UNITED NATIONS — Recent steps by Burma's new government could improve the country's human rights situation and deepen its transition to democracy, a UN investigator said Wednesday.
Tomas Ojea Quintana, the special rapporteur on human rights in Burma, said he is encouraged by the government's commitment to reform and President Thein Sein's priorities including protecting human rights and respecting the rule of law.
But he said there are still many serious human rights issues that must be addressed: discrimination against ethnic and religious minorities, a judiciary that is "neither independent nor impartial," the continued detention of a large number of political prisoners, allegations of torture and ill-treatment during interrogations, and the use of prisoners as porters or "human shields."
This is a "key moment in Myanmar's [Burma’s] history," Quintana told the General Assembly's human rights committee. "Myanmar's new government faces a wide range of daunting challenges from the urgent need to improve the socio-economic situation to ending armed conflict and ensuring lasting peace through national reconciliation."
He called on the international community to help the government meet these challenges so that a real transition to democracy, which the people of Burma have waited many years for, "takes root."
Quintana, who visited Burma in August, welcomed the release of an estimated 200 political prisoners last week but said the government's first priority must be to release all remaining "prisoners of conscience."
The political prisoners released under a presidential amnesty represent about 10 percent of an estimated 2,000 in prison.
Quintana said "it is imperative that the government completes the liberation of all such prisoners" before upcoming by-elections, expected by the end of November.
"This is a central and necessary step towards national reconciliation and would greatly benefit Myanmar's efforts towards democracy," he said.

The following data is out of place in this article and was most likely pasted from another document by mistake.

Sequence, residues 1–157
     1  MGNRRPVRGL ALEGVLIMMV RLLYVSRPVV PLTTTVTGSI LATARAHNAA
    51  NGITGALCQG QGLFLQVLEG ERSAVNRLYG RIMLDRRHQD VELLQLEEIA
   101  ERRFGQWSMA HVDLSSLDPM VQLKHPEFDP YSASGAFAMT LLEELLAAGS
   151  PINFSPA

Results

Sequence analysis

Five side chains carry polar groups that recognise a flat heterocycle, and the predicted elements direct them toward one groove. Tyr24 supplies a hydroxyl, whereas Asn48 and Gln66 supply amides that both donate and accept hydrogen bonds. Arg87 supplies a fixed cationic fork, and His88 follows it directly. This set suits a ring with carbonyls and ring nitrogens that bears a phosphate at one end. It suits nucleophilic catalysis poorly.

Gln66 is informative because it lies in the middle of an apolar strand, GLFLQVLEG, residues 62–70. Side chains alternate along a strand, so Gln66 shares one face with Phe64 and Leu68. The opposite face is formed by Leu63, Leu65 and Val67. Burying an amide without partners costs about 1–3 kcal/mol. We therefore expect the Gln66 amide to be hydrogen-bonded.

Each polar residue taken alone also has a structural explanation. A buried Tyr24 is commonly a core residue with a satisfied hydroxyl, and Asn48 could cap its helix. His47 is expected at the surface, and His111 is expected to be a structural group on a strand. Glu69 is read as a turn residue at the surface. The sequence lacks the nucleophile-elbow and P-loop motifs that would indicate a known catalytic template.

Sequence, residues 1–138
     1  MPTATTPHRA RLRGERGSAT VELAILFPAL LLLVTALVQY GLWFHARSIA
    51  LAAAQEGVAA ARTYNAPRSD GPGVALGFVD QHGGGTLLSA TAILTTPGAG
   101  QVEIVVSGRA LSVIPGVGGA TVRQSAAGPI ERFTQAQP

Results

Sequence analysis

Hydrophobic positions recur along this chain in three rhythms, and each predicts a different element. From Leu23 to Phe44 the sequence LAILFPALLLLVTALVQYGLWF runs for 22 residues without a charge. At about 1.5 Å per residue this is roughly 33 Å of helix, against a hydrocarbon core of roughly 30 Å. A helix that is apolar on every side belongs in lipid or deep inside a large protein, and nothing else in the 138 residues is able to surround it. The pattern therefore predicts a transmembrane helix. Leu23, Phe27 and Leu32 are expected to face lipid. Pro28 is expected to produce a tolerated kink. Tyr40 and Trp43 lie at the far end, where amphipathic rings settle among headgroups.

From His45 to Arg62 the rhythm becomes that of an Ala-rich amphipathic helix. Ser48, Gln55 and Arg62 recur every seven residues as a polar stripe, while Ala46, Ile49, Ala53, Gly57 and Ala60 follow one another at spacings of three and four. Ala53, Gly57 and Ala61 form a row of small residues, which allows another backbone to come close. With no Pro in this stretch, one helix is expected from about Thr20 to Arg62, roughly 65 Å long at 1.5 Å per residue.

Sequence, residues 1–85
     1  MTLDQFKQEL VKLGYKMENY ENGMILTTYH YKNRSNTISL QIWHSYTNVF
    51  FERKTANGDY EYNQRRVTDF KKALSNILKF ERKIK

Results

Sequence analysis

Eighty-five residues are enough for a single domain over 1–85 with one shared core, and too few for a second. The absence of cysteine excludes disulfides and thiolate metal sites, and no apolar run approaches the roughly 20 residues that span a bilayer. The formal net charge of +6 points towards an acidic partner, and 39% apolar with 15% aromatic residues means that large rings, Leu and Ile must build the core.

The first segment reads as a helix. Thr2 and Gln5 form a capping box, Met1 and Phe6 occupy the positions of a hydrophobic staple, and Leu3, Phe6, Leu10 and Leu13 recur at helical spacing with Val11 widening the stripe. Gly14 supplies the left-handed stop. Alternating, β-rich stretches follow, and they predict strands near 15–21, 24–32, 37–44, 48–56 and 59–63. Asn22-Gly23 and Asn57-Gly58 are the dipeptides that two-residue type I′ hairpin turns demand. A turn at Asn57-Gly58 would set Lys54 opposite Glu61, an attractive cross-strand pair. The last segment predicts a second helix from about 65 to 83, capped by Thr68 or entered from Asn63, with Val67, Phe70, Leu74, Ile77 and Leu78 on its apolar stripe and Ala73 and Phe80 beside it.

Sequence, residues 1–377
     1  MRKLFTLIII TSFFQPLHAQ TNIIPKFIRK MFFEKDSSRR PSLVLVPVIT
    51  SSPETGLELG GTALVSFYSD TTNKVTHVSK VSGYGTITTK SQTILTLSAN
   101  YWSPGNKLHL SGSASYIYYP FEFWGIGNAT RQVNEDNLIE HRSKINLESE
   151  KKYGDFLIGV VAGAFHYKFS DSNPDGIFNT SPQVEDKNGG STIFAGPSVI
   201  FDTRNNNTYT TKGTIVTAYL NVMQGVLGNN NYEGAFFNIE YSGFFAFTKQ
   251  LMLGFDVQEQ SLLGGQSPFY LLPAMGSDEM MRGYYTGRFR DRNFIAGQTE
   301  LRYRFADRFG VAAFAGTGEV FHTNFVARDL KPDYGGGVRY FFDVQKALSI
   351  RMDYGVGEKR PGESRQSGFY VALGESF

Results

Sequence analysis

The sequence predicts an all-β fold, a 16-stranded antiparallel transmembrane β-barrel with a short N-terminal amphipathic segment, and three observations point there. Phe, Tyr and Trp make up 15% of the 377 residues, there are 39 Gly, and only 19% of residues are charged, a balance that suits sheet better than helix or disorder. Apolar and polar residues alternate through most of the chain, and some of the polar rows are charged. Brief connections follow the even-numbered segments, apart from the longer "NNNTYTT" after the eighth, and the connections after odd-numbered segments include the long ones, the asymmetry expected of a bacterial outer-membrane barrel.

Quintana welcomed talks between government officials and pro-democracy leader Aung San Suu Kyi, saying it's crucial that the Nobel peace laureate and her party are included in the political process.
He called for a revision of election laws to lift restrictions on the development and activities of political parties and reduce the high cost of registration for candidates.
President Thein Sein, who took power in March following November elections, has said his government is trying to ease tensions in the country. He is considered a moderate compared to previous leaders but critics have accused him of creating a facade of liberalization to prompt Western nations to lift sanctions imposed over the country's political and human rights record.
Quintana welcomed Thein Sein's "commitment to keep the door open to peace and to invite armed groups to peace talks" and his establishment last month of the Myanmar National Human Rights Commission, which recently called on the president to release prisoners.
"While I am encouraged that this new body has started to act and hope that it will continue to advance human rights issues in the country," Quintana said, "many questions remain about its composition, role and functioning."